PurposeEntrepreneurs are networking with others to get advice for their businesses. The networking differs between men and women; notably, men are more often networking for advice in the public sphere and women are more often networking for advice in the private sphere. The purpose of this study is to account for how such gendering of entrepreneurs’ networks of advisors differs between societies and cultures.Design/methodology/approachBased on survey data from the Global Entrepreneurships Monitor, a sample of 16,365 entrepreneurs is used to compare the gendering of entrepreneurs’ networks in China and five countries largely located around the Persian Gulf, namely Yemen, Iran, Saudi Arabia, Qatar and the United Arab Emirates.FindingsAnalyses show that female entrepreneurs tend to have slightly larger private sphere networks than male entrepreneurs. The differences between male and female entrepreneurs’ networking in the public sphere are considerably larger. Societal differences in the relative prominence of networking in the public and private spheres, and the gendering hereof, correspond well to cultural and socio-economic societal differences. In particular, the authors found marked differences among the religiously conservative and politically autocratic Gulf states.Research limitations/implicationsAs a main limitation to this study, the data disclose only the gender of the entrepreneur, but not the gender of each advisor in the network around the entrepreneur. Thus, the authors cannot tell the extent to which men and women interact with each other. This limitation along with the findings of this study point to a need for further research on the extent to which genders are structurally mixed or separated as entrepreneurs network for advice in the public sphere. In addition, the large migrant populations in some Arab states raise questions of the ethnicity of entrepreneurs and advisors.Originality/valueResults from this study create novel and nuanced understandings about the differences in the gendering of entrepreneurs’ networking in China and countries around Persian Gulf. Such understandings provide valuable input to the knowledge of how to better use the entrepreneurial potential from both men and women in different cultures. The sample is fairly representative of entrepreneur populations, and the results can be generalized to these countries.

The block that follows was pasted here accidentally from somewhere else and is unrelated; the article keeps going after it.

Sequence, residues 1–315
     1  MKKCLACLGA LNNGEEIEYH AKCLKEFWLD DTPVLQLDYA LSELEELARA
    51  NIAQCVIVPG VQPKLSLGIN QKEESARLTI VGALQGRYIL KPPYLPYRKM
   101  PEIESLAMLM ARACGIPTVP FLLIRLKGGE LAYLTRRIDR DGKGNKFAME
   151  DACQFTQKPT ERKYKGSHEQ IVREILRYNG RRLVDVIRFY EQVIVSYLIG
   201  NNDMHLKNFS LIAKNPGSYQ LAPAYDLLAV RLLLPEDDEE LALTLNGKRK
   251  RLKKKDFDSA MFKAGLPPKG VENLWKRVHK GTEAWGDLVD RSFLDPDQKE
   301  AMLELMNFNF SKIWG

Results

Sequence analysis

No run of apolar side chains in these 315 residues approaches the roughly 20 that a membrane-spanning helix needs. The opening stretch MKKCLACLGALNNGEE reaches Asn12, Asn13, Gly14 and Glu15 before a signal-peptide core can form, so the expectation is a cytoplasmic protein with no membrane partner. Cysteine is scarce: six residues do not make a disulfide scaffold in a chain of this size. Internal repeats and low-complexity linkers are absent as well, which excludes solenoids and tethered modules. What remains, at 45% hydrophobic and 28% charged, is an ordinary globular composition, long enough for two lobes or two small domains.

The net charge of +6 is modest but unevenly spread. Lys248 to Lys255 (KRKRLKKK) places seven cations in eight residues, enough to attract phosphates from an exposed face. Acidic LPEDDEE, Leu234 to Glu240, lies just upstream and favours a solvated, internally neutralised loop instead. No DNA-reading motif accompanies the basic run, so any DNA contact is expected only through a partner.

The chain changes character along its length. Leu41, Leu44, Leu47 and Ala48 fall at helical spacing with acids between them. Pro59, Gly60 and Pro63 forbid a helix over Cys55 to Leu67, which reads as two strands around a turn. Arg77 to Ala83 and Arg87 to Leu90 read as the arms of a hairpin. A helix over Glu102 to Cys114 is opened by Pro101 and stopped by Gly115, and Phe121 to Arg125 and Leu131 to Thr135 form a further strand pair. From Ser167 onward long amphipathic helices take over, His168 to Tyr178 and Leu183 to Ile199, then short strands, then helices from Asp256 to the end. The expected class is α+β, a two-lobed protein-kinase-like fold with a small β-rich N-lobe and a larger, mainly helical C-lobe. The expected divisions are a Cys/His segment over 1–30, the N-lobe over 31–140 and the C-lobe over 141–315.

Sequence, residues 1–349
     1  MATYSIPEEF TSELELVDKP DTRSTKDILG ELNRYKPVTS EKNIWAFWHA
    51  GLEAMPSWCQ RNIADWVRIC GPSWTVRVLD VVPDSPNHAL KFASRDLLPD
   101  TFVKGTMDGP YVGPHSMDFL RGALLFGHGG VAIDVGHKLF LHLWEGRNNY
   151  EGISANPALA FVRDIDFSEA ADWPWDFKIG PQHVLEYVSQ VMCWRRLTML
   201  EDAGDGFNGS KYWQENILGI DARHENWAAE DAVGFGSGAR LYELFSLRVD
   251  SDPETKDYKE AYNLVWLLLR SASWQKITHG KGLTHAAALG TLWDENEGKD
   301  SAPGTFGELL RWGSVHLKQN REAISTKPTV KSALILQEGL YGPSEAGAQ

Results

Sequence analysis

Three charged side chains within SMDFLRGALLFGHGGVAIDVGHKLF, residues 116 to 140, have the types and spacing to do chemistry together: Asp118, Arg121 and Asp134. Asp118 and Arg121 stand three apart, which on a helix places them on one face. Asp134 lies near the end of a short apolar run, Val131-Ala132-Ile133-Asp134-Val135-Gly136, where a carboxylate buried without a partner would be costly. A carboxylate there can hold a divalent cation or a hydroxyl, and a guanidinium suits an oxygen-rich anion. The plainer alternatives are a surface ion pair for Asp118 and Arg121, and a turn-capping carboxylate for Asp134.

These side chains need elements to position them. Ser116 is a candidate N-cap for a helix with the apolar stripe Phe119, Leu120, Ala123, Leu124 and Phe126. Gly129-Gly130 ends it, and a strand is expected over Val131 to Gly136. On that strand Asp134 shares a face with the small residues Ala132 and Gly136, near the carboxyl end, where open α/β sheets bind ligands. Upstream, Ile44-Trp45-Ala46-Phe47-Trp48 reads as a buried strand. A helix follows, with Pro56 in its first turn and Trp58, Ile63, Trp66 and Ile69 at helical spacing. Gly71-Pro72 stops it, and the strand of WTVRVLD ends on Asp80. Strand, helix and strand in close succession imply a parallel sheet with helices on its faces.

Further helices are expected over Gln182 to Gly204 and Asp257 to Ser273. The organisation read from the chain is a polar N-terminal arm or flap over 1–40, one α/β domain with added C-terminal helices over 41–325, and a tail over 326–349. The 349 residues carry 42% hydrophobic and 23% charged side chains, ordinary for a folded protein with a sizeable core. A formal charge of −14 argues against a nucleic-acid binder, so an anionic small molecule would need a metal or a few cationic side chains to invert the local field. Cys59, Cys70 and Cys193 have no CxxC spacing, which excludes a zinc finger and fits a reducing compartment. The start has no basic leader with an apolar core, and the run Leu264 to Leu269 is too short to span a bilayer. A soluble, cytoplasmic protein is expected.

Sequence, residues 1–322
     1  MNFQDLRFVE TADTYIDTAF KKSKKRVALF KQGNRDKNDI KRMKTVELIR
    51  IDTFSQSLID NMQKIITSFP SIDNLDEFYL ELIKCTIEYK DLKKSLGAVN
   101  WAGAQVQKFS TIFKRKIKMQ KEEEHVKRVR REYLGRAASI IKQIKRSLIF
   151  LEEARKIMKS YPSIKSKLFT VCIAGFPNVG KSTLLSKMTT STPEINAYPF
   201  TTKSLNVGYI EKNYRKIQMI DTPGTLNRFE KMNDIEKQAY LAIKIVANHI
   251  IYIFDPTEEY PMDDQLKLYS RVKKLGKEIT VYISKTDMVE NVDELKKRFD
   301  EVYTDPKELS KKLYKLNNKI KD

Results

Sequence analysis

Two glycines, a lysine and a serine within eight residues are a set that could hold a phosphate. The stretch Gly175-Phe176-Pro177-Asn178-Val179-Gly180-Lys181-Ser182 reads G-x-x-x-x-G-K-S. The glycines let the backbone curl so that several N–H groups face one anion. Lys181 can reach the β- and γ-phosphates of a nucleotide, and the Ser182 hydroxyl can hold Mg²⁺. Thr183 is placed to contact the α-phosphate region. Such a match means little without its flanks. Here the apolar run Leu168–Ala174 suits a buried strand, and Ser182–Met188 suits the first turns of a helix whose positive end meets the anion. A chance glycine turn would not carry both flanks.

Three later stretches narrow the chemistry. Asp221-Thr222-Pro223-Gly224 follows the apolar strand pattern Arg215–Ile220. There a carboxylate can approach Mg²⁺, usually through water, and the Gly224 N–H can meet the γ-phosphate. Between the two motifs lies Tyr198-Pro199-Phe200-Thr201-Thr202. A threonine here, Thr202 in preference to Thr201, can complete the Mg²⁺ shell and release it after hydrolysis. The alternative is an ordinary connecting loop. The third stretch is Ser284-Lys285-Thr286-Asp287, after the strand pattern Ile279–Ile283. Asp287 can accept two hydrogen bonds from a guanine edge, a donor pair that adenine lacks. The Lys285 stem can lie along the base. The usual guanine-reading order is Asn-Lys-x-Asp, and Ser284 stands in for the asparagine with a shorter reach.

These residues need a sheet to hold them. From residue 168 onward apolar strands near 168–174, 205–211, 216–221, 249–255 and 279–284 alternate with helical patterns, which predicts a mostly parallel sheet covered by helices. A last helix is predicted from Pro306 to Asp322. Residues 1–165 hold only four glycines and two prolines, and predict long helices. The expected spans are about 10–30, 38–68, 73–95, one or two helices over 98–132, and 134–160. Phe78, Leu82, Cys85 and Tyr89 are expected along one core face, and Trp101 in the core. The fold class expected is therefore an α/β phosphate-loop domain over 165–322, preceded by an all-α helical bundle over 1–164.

Gender in Management: An International Journal – Emerald Publishing
Published: Jun 5, 2017